Are you searching for random facts and trivia about the planet Neptune? Are you working on a science report about Neptune? Are you a home school parent writing a lesson plan about the solar system? Just curious about the planet Neptune? Here are a few interesting facts about Neptune.
Neptune was named after the ancient Roman god of the sea.
The Ancient Romans, many thousands of years ago, named the five planets they were able to view in the sky – Mercury, Venus, Mars, Jupiter and Saturn. They named their planets after their mythological gods. However, Neptune was not discovered until 1846. Some astronomers (scientists who study space) decided to call the planet Neptune, since all of the other planets had the names of Roman gods. Neptune was the fictitious god of the sea.
You cannot see Neptune from Earth without a telescope.
Unlike some of the other planets, Neptune cannot be seen with the naked eye. You must have a telescope to view it.
It would take a rocket or spacecraft approximately ten years to travel to Neptune.
Based on the speed of current spacecraft, it would take around ten years for it to get to Neptune.
Neptune is approximately 3 Billion miles from the sun.
Neptune is the farthest planet from the sun. It is approximately three billion miles from the sun. Uranus is the next closest planet to Neptune. Neptune is approximately 2.7 billion miles from the Earth.
Neptune consists of mostly liquid and gas.
The planet is referred to sometimes as a “gas giant.” That means it is made mostly of liquid and gas. Saturn, Uranus and Jupiter are the other planets of the solar system that are gas giants. The major gases on Neptune are helium and hydrogen. However, three percent of the atmosphere consists of methane, which gives it its blue color. It does have a core which is composed of mostly rock and metal.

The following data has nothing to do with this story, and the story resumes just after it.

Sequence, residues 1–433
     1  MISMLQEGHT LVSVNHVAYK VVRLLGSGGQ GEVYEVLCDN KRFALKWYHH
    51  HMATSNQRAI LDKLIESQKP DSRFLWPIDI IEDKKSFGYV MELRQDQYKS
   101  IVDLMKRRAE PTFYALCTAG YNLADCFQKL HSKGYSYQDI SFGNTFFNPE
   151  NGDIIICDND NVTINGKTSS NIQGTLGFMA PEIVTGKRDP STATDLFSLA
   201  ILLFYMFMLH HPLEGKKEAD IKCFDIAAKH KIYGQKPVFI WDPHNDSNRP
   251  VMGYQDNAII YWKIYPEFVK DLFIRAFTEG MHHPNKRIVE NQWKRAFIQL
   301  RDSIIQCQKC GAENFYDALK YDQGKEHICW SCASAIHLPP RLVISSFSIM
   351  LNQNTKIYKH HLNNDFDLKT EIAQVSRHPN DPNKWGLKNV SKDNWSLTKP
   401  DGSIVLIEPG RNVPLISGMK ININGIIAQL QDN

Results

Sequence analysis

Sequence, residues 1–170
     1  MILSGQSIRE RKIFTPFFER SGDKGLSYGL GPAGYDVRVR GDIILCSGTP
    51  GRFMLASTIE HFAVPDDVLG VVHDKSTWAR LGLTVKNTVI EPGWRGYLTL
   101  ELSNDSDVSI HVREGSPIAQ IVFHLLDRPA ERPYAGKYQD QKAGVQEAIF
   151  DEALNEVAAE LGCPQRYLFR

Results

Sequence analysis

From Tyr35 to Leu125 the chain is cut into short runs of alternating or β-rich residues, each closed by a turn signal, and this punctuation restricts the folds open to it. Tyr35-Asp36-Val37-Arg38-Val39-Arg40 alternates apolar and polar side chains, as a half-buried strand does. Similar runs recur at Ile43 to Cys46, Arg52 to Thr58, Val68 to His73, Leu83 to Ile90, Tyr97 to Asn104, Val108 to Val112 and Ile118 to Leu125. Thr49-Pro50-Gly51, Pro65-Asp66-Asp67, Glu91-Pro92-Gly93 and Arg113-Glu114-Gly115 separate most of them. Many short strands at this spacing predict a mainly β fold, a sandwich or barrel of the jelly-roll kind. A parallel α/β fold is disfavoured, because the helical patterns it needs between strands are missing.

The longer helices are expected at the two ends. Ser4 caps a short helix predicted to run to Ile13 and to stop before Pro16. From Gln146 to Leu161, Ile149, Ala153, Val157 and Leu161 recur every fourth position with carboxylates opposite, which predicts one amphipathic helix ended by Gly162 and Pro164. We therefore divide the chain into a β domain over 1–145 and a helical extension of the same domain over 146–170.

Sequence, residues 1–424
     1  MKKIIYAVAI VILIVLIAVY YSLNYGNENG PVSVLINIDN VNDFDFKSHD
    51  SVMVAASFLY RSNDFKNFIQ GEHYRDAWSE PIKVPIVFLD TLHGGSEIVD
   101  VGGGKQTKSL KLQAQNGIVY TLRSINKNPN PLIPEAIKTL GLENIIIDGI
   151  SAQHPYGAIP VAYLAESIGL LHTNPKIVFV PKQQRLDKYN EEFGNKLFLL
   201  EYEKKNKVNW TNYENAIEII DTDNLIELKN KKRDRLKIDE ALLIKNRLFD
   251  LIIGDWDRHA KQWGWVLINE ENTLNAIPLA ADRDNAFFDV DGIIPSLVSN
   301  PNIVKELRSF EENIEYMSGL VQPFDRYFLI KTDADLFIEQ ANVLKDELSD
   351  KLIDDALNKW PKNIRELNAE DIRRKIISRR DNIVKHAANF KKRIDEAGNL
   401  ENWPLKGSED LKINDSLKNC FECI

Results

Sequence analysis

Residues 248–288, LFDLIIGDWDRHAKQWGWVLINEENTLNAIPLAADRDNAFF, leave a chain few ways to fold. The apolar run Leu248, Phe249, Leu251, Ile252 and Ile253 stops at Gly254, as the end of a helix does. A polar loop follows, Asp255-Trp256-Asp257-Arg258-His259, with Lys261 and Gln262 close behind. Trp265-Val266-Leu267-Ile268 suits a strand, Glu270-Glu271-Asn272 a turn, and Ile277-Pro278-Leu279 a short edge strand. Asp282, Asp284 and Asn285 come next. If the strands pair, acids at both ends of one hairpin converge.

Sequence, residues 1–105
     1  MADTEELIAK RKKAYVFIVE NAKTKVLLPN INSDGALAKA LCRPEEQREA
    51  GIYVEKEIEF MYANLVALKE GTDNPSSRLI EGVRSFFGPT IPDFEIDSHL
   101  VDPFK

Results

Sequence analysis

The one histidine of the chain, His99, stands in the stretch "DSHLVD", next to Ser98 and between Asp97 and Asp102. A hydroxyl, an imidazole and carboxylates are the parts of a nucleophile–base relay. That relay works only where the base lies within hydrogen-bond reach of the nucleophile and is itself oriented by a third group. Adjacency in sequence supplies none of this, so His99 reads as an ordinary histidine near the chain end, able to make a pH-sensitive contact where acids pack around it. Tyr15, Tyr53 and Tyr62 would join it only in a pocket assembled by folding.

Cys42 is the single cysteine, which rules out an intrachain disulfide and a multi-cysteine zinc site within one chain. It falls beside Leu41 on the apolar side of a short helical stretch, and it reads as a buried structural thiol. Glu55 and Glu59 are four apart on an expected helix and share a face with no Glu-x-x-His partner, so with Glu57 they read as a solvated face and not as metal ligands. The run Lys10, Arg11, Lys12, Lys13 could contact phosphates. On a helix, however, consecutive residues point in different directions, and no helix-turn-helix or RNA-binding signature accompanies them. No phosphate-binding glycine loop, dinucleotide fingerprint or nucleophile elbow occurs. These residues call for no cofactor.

Neptune travels around the sun in 164.79 Earth years.
Like all planets, Neptune orbits (which mean moves around) the sun. It takes Neptune 164.79 years to orbit around the sun. Neptune also spins around on invisible axis as other planets do. Neptune spins around faster than Earth, and rotates in about 16 Earth hours.
Neptune is a very cold planet.
Like all of the planets that are far away from the sun, Neptune is very cold. Temperatures can drop as low as -353 degrees Fahrenheit.
Neptune has lots of very strong winds and storms.
Neptune has winds that are about ten times stronger than Hurricanes on Earth. It is a very windy planet.
Neptune has a total of 13 known moons.
Another fact about Neptune is that it has at least 13 moons. They all consist of rock and ice. Five of those moons are very small and shaped irregularly.
Neptune has at least six rings.
Neptune has rings that astronomers believe consist of dark dust. They are very difficult to see, even using a very powerful telescope. Some scientists believe there may be gaps in the rings.
Voyager 2 flew close to Neptune in 1989.
Scientists learned a lot about the planet Neptune through a space probe called Voyager 2. Twelve years after it left earth, it flew by Neptune.
A space probe might launch in 2016-2018 and arrive at Neptune at about 2035.
Scientists are hoping to launch a space probe to Neptune, that might arrive at Neptune in about 2035. You can read more about it here.
These are just a few fun facts about Neptune. Scientists are still learning more about Neptune. It’s even possible that there might be microscopic life on Triton (one of its moons) underneath it’s ice.
Curious about Mars? Read “10 Mars Facts for Kids.” You might also read “Facts for Kids About the Planet Mercury.” Happy Learning!
11 Planets: A New View of the Solar System by David A Agular
Neptune by Elaine Landau
Our Solar System by Seymour Simon